Finally, take comfort in da Vinci’s (yes, that da Vinci) approach to commitment:
“Art is never finished, only abandoned.”
~Leonardo da Vinci
Fearful or not, I publish my paintings HERE. I’d love to hear what you think.
Absolutely excellent post, Jann. And you’re right, when I look at your paintings, and those of Jo Ann and all painter artists, I only see incredible artistry, talent, and beauty…I don’t see that you may have had fear, or that it’s not perfect (they all look perfect to me; I know beauty when I see it). I love the portrait of the woman at the top of your post today, she’s beautiful, and the colors you’ve chosen are captivating.
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Appreciate hearing that the imperfections aren’t obvious to anyone but the painter; thanks, Angeline, for confirming that opinion, and for your kind words of encouragement. I’ll bet you’ve never been struck by the fear of ruining your art, have you?
Oh, when I start fooling around with settings on my camera and I may not have another opportunity at the shot I am fearful, or when I start fooling around with edits.
Luckily, when we work with our photos, we have the magic Command-Z at our fingertips (usually). If we had that same option when painting, we could eliminate a lot of art fear! Thanks for the feedback, Angeline.
You might appreciate this post, similar topic, another take on it:
Thanks, Jann. Last bullet point says it all.
Thanks for taking a look. Yep, it’s always about the process!
Thanks for the inclusion Jann! and I love your painting!
I have re-blogged this post of yours and hope that I did it correctly – the article is so important and meaty and I wanted more people to see it.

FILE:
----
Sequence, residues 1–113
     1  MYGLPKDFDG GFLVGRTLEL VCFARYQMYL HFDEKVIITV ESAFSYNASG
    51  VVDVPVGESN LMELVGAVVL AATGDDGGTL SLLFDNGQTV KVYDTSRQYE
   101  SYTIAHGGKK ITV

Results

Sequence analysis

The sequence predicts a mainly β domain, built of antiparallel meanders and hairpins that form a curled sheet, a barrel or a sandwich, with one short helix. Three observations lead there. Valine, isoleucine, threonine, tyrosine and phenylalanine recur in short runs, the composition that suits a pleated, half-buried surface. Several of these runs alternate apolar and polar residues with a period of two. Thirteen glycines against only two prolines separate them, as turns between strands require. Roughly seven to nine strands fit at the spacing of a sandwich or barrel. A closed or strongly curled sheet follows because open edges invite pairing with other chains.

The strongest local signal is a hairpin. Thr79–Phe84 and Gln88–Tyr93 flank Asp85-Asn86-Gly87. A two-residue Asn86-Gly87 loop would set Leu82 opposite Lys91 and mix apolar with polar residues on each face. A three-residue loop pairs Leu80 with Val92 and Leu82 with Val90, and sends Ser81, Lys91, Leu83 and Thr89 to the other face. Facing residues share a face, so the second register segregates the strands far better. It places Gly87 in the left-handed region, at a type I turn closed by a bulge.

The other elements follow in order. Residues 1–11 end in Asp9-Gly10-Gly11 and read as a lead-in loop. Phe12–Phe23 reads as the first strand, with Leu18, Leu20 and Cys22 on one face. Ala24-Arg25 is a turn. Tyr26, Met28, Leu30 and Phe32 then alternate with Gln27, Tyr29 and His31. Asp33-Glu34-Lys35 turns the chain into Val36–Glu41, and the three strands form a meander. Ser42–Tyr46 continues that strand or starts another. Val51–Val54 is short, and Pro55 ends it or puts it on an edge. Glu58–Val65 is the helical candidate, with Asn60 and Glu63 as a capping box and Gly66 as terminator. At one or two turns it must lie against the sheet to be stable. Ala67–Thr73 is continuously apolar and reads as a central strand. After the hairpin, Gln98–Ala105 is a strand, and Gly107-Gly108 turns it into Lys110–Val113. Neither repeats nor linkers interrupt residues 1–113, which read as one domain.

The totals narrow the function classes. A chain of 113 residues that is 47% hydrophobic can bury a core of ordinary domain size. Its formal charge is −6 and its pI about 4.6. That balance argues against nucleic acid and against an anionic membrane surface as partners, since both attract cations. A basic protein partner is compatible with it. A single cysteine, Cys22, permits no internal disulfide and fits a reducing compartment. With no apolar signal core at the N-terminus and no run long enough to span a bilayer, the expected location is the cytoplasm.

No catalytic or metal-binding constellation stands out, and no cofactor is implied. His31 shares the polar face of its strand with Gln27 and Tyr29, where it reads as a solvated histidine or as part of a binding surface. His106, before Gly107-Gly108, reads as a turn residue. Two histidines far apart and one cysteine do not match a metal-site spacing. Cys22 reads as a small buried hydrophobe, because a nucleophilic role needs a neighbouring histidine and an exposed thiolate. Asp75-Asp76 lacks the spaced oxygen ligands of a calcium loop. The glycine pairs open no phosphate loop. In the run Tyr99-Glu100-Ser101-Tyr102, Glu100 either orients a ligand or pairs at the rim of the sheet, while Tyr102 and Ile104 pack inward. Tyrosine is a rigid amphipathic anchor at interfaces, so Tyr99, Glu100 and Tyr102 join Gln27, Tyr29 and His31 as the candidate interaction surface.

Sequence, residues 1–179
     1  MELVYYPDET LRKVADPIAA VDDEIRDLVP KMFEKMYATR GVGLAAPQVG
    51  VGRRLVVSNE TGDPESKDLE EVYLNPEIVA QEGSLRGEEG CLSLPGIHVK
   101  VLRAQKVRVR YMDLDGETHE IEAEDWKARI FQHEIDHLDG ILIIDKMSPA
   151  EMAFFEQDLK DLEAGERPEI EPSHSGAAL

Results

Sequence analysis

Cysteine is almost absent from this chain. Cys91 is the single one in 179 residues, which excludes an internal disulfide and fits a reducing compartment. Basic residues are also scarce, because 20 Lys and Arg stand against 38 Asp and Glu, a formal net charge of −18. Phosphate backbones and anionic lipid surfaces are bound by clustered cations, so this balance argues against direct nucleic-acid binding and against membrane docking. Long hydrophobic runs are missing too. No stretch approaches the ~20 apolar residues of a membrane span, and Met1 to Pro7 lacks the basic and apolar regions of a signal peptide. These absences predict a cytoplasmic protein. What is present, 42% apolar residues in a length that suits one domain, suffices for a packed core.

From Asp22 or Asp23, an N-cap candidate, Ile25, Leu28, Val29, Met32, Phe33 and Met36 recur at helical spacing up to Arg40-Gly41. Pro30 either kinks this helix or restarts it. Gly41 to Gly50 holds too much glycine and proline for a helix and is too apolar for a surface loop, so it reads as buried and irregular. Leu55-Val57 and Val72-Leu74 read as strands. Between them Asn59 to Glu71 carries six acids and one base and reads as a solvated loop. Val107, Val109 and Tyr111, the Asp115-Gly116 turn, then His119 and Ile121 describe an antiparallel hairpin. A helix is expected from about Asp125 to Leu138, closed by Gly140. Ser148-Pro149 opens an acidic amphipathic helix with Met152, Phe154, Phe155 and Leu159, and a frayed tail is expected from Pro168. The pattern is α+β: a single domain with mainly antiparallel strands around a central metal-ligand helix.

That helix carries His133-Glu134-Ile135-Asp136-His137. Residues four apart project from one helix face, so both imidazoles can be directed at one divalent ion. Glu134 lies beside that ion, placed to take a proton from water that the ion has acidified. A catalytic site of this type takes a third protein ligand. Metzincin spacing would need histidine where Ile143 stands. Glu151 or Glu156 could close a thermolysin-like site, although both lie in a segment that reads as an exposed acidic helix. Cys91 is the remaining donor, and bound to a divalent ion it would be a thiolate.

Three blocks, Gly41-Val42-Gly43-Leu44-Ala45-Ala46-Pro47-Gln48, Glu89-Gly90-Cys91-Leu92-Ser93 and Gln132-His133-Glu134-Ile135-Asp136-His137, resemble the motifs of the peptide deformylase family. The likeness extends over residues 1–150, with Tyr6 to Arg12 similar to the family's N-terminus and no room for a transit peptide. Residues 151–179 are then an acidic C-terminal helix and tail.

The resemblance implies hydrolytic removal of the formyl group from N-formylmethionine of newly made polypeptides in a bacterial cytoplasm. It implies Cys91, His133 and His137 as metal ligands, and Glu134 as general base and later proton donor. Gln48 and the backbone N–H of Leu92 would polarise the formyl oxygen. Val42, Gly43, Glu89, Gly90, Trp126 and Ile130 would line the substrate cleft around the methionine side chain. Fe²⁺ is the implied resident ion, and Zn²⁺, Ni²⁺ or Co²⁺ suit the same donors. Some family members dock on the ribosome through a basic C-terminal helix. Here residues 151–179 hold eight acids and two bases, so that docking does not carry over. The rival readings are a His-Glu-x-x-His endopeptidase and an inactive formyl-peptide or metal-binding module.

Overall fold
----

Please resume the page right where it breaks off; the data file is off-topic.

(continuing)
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The inspiration for this post was triggered by yours, Jo Ann, and it’s wonderful of you to share this. It’s an ongoing struggle that artists face, and hopefully, are able to surmount with occasional reminders that it’s natural and that they’re not alone. Thank you for your compliments about my painting.
Thanks for the reblog, not sure it worked? Haven’t seen it. And on a similar note . . . Another post on art and fear:
Once again I have re-blogged this post – if it does not work then I have a bone to pick with WordPress and it would not be the first time!!
Thank you again, Jo, wonderful to talk with you and find someone else born at Good Sam. Let me know if the reblog worked! Never had much luck with that myself.
i paint but well, i paint cars and restore hot rods etc etc, different kinnsa trials, but a lot of what u say is relative to what i do an how i do it also to come up with what we might call a finished product take it er eave it sumtimes huh 🙂 as long as we do the very best our own personal minds can do at the time is al that really matters ya know 🙂 namaste’ 2 U frum Q
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You’ve just added an important element that my piece neglected—thanks for mentioning that when we do our best, that’s what really matters. Glad you visited and commented, and cheers.
I don’t paint but in all aspects of life, the fear of fear holds many us back in daily pursuits. From artistic to the predictable mundane. How often have we not done something or said something because of fear? Excellent piece.
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Thank you–excellent point. The fear of fear is universal in all pursuits, for all. Always appreciate your insights, Karl.
Am a dabbler in art so really I don’t strive for perfection because I think I know so little in terms of technique compared to artists.
Follow the paint, is like going zen into creativity. For a few min. or so it’s like falling into a trance. Unfortunately I don’t have that sensation all the time. But then, I don’t paint often.
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Zen for creativity is a lovely little concept. You may not paint, and so you may not feel the urge to “make it perfect” — but isn’t there something else you do in life where you have that desire? For me it’s also parenting, writing, close relationships, the food I arrange on a plate, the look of my home, etc etc etc. I am completely able to tolerate imperfection in my garden. I suppose that counts for something.
Appreciate the shout-out, Sharmon…it’s a universal nerve that’s been touched, I’d say 😀